• If rhabdomyolysis and renal failure occur then alkalisation of urine and dialysis are often required.
  • Dopaminergic drugs, such as bromocriptine and amantadine, and muscle relaxants, such as dantrolene sodium, are frequently used in severe cases but there is little empirical evidence for their efficacy. However, there are many anecdotal reports of their usefulness.
  • Electroconvulsive therapy (ECT) is sometimes used if medication fails to improve the condition and there appears to be some evidence to support its use.[7]
  • Mortality has reduced from 20-30% and is now reported as 5-11.6%. Death is usually caused by cardiovascular collapse, respiratory failure, myoglobinuric renal failure, arrhythmias, or diffuse intravascular coagulation. Morbidity results from respiratory failure, renal failure, seizures, and arrhythmia.

    If renal failure develops during an episode of neuroleptic malignant syndrome (NMS), this increases mortality up to 50%.

    Once oral neuroleptics are stopped, the condition can last for 7-10 days; for depot neuroleptics, the period may be up to 21 days.
  • The outlook is good on the whole if there:
    • Is early recognition of the condition.
    • Is adequate supportive care and treatment.
    • Are no complications.
  • Awareness of the condition and consideration of the diagnosis in those with relevant symptoms, on neuroleptics, is central to early diagnosis.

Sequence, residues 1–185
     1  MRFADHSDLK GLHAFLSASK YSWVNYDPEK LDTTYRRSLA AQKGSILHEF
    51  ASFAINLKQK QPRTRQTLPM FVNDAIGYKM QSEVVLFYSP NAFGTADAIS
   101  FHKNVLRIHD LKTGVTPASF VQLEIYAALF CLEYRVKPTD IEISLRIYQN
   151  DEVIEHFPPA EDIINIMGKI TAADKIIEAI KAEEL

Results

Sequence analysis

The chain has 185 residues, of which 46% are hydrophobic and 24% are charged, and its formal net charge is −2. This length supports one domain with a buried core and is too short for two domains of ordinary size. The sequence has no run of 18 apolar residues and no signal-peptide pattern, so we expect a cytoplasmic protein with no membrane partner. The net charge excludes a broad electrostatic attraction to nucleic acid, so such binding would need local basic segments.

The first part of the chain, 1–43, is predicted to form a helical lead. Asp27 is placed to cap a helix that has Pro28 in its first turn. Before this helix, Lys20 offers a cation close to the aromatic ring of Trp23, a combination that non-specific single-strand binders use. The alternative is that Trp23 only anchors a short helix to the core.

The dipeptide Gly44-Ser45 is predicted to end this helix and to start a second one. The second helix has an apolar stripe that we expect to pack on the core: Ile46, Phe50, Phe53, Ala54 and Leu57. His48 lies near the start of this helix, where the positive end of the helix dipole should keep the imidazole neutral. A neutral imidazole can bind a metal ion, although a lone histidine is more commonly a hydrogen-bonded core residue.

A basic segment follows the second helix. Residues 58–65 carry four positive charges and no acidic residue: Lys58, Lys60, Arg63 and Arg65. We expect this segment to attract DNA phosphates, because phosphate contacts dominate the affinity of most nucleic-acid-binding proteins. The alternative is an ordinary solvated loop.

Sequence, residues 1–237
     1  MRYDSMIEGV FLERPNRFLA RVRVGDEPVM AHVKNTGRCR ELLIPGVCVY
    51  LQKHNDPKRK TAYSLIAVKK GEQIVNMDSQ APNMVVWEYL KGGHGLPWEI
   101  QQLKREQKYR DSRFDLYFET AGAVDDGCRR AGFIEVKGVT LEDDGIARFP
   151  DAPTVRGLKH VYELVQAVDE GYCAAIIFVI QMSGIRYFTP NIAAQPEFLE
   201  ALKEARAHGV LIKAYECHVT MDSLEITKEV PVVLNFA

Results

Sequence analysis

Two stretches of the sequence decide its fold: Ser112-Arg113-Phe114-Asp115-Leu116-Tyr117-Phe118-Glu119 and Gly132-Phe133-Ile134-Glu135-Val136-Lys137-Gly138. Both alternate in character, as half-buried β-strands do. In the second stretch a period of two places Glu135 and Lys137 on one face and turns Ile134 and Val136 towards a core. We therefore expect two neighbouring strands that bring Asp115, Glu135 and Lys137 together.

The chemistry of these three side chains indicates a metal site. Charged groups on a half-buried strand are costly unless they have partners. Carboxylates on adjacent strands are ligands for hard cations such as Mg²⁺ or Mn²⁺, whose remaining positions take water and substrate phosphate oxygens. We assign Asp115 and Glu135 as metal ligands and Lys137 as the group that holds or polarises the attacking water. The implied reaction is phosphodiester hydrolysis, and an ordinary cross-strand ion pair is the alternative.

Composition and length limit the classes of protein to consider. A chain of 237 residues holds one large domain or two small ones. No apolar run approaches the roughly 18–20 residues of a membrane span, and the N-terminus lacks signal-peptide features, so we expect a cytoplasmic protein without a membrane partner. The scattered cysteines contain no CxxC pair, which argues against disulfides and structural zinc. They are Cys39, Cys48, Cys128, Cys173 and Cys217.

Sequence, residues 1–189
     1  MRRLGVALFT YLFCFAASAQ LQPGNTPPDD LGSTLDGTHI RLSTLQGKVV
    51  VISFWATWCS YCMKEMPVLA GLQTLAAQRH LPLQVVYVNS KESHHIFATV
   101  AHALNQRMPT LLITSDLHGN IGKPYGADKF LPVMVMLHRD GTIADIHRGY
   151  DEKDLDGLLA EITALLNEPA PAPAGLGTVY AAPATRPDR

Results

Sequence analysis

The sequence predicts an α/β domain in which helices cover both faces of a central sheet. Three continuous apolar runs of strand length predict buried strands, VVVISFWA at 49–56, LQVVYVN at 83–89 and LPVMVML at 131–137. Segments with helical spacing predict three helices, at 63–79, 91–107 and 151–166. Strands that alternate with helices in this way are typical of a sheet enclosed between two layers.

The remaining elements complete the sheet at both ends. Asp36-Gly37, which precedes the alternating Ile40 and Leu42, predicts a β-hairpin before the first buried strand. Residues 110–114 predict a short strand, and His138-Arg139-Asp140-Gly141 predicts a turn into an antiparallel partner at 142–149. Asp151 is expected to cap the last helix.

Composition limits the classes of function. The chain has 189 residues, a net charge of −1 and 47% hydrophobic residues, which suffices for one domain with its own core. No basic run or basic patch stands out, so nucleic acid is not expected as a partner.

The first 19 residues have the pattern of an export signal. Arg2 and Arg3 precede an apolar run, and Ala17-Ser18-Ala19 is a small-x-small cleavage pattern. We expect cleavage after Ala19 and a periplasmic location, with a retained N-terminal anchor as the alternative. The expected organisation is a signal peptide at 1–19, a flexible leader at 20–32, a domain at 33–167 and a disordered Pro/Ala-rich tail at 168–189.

• Monitoring for features of the syndrome after changes in neuroleptic medication can assist early diagnosis.
  • Early diagnosis and withdrawal of any offending drug will arrest development of worsening symptoms.
  • It is important to give a warning of the risk of recurrence. Patients should be actively encouraged to inform healthcare providers of their susceptibility and given good written information to assist in this process. There is a very good case for use of medical emergency identification jewellery or similar.

Further reading & references

  1. Benzer T; Neuroleptic Malignant Syndrome (Emergency medicine perspective), eMedicine, Sep 2010
  2. Tonkonogy J et al; Neuroleptic Malignant Syndrome (Psychiatric perspective), eMedicine, May 2010
  3. Stotz M, Thummler D, Schurch M, et al; Fulminant neuroleptic malignant syndrome after perioperative withdrawal of antiParkinsonian medication. Br J Anaesth. 2004 Dec;93(6):868-71. Epub 2004 Sep 17.
  4. Gordon PH, Frucht SJ; Neuroleptic malignant syndrome in advanced Parkinson's disease. Mov Disord. 2001 Sep;16(5):960-2.
  5. Ong KC, Chew EL, Ong YY; Neuroleptic malignant syndrome without neuroleptics. Singapore Med J. 2001 Feb;42(2):85-8.
  6. Serrano-Duenas M; Neuroleptic malignant syndrome-like, or--dopaminergic malignant syndrome--due to levodopa therapy withdrawal. Clinical features in 11 patients. Parkinsonism Relat Disord. 2003 Jan;9(3):175-8.
  7. Ozer F, Meral H, Aydin B, et al; Electroconvulsive therapy in drug-induced psychiatric states and neuroleptic malignant syndrome. J ECT. 2005 Jun;21(2):125-7.

Disclaimer: This article is for information only and should not be used for the diagnosis or treatment of medical conditions. EMIS has used all reasonable care in compiling the information but make no warranty as to its accuracy. Consult a doctor or other health care professional for diagnosis and treatment of medical conditions. For details see our conditions.

Original Author:
Dr Richard Draper
Current Version:
Last Checked:
20/04/2011
Document ID:
2508 (v24)
© EMIS